personal invitations go a long way in discovering jazz
Even though I’ve lived in Eau Claire nearly all my life, I’ve never once considered attending UW-Eau Claire’s Jazz Festival. Part of it is probably for the same reason that a lot of people who live in Seattle never go up the Space Needle. In addition to that, though, I always had the impression that I didn’t belong there. I knew the festival was nationally recognized. I knew it was big. But ... it was almost as if there was a sign posted outside: Serious Players & Serious Fans Only. All Others Are Strictly Prohibited.
If my relationship with jazz is “casually dating,” the Jazz Festival seemed like it was meant for people who are married to it.
Jazz and I met about 10 years ago at Borders. With a vague appreciation, I felt like expanding my jazz collection from zero CDs to one. I considered Miles Davis’ Kind of Blue because, 1) the marquee name seemed like a safe choice, 2) the cover looked like what I wanted the music to sound like, and 3) the sticker on the cover said it was one of the greatest jazz recordings of all time. I took a chance on it, and I loved it. More than any other music, Kind of Blue took me to a state of concentration in which I completely lost myself in my work.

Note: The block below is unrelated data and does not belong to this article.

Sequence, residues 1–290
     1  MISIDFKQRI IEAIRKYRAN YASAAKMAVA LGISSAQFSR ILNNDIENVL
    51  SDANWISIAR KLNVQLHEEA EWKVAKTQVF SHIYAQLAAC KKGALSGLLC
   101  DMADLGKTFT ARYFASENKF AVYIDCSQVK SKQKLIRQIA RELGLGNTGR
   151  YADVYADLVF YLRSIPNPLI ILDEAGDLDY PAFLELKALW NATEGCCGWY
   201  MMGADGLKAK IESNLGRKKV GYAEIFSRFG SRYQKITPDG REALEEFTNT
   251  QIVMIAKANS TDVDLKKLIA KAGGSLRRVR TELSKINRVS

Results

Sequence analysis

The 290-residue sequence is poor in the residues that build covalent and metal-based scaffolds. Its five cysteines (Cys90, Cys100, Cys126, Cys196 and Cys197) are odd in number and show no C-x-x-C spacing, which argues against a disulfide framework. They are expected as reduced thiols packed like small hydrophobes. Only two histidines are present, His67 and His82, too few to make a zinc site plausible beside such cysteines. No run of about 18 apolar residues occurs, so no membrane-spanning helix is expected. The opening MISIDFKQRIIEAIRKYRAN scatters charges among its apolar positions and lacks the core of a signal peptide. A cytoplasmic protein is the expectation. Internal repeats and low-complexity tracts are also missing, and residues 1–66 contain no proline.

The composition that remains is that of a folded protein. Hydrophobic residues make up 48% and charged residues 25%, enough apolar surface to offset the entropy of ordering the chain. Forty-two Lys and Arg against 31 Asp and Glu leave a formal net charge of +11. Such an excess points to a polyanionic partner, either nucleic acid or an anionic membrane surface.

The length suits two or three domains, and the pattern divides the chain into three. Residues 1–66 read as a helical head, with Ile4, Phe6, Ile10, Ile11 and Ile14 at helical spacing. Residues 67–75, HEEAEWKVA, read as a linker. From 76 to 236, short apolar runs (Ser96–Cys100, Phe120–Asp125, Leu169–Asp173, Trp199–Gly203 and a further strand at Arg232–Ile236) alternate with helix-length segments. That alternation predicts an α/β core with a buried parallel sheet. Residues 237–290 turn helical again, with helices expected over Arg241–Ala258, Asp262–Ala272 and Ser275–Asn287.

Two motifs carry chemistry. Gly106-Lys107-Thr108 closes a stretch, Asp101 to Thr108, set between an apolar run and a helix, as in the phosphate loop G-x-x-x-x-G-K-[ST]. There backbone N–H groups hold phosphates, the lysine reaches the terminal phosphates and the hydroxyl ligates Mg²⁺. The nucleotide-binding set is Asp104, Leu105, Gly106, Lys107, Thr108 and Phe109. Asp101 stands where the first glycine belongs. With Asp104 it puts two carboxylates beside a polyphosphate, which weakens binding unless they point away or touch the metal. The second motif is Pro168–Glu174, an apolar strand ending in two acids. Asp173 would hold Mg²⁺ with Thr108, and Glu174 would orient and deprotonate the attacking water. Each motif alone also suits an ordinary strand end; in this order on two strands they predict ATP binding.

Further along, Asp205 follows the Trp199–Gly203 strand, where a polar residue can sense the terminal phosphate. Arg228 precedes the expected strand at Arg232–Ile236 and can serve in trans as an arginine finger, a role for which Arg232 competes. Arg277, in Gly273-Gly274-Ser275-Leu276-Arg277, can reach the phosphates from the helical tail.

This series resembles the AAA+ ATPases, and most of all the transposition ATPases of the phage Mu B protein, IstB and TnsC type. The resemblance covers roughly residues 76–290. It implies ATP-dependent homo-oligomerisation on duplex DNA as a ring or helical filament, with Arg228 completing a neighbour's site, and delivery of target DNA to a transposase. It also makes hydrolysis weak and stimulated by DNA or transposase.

I played it endlessly, and I went out and picked up John Coltrane’s Blue Train hoping for similar results. After all, it had a similar title, similar cover, and similar claims on the sticker. Again, I hit the jackpot. I still use both CDs during study time with my middle school students, and I’ve never heard a complaint. In fact, several students have asked about the artist and title with the intent to buy.
When jazz night started at the Stones Throw (back when Volume One still had a black and white cover), a friend of mine told me I had to go. It didn’t take much to talk me into it, as I had nothing better to do. Still, it surpassed my expectations. I loved the atmosphere that the music created. I didn’t study the players and shake my head in admiration like the music majors who sat up front, but I liked the horns, the bass, the piano, and the funny banter of then-frontman Andrew Neesley. I knew nothing about the technical aspects – I still don’t “get” chords, keys, flats, sharps, etc. I just know what I like.